Soon, Pedro enrolled in the local Jesuit college in hopes of studying for the priesthood. No matter how hard he tried, however, he could not master the material; he withdrew from school. In 1655 he joined the Secular Franciscan Order. Three years later he opened a hospital for the convalescent poor; a shelter for the homeless and a school for the poor soon followed. Not wanting to neglect the rich of Guatemala City, Pedro began walking through their part of town ringing a bell and inviting them to repent. Pedro died in 1667.
Other men came to share in Pedro’s work. Out of this group came the Bethlehemite Congregation, which won papal approval after Pedro’s death. A Bethlehemite sisters’ community, similarly founded after Pedro’s death, was inspired by his life of prayer and compassion.
He is sometimes credited with originating the Christmas Eve posadas procession in which people representing Mary and Joseph seek a night’s lodging from their neighbors. The custom soon spread to Mexico and other Central American countries.
Spiritual reading: We can do no great things, only small things with great love. (Blessed Teresa of Calcutta)
Jesus said: “My sheep hear my voice; I know them, and they follow me. I give them eternal life, and they shall never perish. No one can take them out of my hand. My Father, who has given them to me, is greater than all, and no one can take them out of the Father’s hand. The Father and I are one.”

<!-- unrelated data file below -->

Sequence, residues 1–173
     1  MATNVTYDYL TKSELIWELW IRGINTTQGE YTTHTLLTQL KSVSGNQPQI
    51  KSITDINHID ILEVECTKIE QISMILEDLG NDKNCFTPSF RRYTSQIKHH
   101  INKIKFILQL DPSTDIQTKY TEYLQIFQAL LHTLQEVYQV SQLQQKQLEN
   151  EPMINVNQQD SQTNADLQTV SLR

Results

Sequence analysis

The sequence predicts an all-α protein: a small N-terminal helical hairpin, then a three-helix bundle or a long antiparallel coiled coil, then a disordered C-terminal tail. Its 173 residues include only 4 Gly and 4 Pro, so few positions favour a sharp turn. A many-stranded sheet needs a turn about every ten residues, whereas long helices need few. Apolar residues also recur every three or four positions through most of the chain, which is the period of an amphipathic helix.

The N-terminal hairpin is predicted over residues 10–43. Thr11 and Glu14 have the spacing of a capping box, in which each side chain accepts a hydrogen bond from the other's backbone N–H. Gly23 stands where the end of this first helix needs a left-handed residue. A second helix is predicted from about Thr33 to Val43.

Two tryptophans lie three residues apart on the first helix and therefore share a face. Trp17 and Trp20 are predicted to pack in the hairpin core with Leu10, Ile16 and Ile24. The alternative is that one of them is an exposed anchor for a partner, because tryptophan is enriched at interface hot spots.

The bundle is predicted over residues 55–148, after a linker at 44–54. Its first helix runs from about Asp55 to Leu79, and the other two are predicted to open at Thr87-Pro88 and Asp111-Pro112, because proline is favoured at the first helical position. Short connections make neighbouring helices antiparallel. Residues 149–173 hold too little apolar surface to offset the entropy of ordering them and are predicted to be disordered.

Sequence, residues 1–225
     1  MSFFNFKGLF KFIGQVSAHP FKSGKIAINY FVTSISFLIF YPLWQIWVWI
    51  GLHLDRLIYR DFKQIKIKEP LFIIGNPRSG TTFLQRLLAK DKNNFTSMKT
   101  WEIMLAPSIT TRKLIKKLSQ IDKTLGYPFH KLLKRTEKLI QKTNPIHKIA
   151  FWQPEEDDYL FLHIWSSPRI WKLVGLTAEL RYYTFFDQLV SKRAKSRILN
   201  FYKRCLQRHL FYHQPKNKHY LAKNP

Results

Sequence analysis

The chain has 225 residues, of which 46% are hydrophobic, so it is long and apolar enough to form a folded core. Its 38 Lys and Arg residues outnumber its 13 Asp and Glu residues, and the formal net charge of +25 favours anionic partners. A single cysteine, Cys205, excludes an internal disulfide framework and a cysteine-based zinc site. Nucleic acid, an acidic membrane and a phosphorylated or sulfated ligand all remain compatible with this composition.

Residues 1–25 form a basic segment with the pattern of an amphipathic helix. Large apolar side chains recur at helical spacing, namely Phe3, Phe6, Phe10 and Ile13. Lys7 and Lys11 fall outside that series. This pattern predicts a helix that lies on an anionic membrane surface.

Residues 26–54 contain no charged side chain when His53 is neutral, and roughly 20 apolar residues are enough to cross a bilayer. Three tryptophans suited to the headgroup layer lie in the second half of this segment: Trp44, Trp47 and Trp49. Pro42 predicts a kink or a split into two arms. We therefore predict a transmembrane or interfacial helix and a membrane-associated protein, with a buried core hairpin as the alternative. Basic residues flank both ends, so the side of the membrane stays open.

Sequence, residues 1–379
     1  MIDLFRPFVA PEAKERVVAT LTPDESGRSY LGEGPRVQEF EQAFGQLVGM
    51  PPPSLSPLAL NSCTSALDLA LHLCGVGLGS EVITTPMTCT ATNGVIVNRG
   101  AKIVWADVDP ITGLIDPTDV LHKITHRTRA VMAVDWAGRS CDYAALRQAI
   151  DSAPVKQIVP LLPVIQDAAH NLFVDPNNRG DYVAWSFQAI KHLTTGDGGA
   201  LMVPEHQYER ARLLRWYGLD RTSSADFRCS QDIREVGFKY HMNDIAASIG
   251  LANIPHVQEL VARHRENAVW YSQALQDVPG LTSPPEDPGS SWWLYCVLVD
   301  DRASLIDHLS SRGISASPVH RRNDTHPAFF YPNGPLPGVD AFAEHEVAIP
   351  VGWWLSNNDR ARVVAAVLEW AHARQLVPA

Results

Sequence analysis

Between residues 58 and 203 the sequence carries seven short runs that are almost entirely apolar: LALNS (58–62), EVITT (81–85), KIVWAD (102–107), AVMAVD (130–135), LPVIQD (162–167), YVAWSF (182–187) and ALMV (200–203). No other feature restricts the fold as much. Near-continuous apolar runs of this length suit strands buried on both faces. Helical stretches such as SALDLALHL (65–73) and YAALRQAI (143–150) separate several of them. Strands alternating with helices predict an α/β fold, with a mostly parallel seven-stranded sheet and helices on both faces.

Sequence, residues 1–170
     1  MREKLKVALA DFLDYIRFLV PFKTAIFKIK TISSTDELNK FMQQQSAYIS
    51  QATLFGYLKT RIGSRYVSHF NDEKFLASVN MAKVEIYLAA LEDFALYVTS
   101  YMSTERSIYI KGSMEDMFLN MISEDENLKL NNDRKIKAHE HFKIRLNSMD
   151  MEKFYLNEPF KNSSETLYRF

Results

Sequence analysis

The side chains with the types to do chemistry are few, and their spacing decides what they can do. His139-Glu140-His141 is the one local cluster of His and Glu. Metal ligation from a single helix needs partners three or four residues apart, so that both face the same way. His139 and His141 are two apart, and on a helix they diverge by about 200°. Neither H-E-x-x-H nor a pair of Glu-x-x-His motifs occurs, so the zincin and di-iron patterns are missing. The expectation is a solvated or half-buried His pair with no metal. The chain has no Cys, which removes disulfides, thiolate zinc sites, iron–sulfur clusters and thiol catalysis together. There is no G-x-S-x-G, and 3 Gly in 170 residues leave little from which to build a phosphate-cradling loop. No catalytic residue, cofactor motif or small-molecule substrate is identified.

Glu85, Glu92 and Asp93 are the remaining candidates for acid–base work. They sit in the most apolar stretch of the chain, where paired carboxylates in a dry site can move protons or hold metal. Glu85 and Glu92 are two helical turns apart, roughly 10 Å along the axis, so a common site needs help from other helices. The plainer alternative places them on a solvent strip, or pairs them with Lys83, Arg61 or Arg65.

Reflection on the gospel reading: Today’s gospel passage uses the metaphor of sheep who hear, recognize, and follow the shepherd’s voice and by means of that voice, remain safe. Jesus, of course, is the shepherd, and as the shepherd, he is our way, truth, and life. The course he sets for us may not always be evident, but if we listen for his voice and follow it, we will be safe.
Spiritual reading: Everyone who wills can hear the inner voice. It is within everyone. (Mahatma Ghandi)
Gospel reading of the day:
Many of Jesus’ disciples who were listening said, “This saying is hard; who can accept it?” Since Jesus knew that his disciples were murmuring about this, he said to them, “Does this shock you? What if you were to see the Son of Man ascending to where he was before? It is the spirit that gives life, while the flesh is of no avail. The words I have spoken to you are Spirit and life. But there are some of you who do not believe.” Jesus knew from the beginning the ones who would not believe and the one who would betray him. And he said, “For this reason I have told you that no one can come to me unless it is granted him by my Father.”